Overcoming heartbreak? In the wake of a breakup, we obsess over what went wrong and search for an explanation that will satisfy us. But falling into this trap will only make it difficult, if not impossible, to heal a broken heart. Here’s why.
In his ted talk, How to Fix a Broken Heart, Guy Winch shares what he’s learned in his 20+ years as a psychologist. When it comes to breakups, he’s seen otherwise strong and resilient individuals “flounder” – all because they’re desperate for an explanation for what happened.
That’s because in order to move on and have closure, people think they need a clear reason for what happened. But Winch has observed that this isn’t really what people want. Because even when people are given a simple and honest explanation for the breakup, they reject it.
The reason for this is simple. The explanation people hear doesn’t match with the dramatic emotional pain they feel. Therefore, they create mysteries, conspiracy theories and obsess over what “really” happened. But this doesn’t provide much-needed closure. Instead, this search for answers acts like a debilitating addiction.
In his talk, Winch points out studies which show that the end of romantic love activates the same mechanisms in the brain associated with withdrawal from heroine, cocaine and opioids. Therefore, a person’s obsession with finding “answers” is not a way to heal, but a way to feed their addiction to lost love.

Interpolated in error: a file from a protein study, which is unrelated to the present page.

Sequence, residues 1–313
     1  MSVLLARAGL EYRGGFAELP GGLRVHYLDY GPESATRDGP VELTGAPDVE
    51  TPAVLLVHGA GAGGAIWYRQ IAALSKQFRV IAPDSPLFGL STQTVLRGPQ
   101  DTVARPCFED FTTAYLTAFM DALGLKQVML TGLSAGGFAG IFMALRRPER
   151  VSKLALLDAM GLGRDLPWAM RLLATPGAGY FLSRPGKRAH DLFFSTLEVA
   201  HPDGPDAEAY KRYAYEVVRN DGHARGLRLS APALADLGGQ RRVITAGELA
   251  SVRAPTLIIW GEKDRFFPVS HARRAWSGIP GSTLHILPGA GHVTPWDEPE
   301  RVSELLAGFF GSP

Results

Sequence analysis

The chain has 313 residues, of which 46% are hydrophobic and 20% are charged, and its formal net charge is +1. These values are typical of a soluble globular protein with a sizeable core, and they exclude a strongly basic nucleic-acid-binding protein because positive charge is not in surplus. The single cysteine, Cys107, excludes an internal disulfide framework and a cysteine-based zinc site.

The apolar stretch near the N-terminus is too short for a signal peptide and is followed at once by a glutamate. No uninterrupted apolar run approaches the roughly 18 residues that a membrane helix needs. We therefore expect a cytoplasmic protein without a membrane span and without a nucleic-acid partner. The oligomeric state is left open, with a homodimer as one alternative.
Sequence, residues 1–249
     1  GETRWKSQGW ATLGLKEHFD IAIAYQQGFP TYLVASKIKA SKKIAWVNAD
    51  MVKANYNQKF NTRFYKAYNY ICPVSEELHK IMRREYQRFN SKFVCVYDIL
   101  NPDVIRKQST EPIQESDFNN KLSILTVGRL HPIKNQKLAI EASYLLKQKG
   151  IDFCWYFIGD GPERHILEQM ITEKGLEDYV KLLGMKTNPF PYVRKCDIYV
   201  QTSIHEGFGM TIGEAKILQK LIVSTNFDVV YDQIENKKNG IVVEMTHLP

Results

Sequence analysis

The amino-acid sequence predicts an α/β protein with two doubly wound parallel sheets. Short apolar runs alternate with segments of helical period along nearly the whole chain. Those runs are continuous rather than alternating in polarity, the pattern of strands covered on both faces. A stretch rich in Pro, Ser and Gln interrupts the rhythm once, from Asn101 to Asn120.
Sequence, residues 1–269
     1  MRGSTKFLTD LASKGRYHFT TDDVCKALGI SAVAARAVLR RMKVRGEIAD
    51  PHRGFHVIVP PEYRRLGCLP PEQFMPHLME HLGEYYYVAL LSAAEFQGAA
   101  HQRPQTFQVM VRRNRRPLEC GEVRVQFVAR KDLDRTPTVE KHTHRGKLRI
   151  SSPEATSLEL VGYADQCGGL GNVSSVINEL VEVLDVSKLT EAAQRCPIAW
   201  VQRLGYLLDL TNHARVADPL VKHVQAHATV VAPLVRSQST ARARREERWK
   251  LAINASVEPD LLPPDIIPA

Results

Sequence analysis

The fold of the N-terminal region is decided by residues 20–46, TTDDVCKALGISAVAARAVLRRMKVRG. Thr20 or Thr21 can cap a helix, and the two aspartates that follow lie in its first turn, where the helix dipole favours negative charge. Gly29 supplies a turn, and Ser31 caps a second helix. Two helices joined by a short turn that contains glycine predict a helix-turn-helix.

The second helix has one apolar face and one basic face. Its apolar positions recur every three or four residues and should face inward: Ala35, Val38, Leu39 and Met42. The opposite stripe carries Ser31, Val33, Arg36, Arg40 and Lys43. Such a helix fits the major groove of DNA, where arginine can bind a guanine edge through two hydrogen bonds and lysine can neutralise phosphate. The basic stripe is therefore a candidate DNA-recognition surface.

To end this destructive behavior, Winch offers a simple yet powerful tool:
First, he says you must stop searching for a better explanation because, “no rational will satisfy you.”
Then, to keep you from sliding back into memory lane, Winch suggests that you create a list of all the ways this person and relationship was wrong for you, and put it on your smartphone.
That way, when you start idealizing your ex, or get trapped in nostalgia, your list will remind you that your partner wasn’t perfect for you. It can also help to stop adding more pain to your heartbreak and give you an opportunity to heal and move on.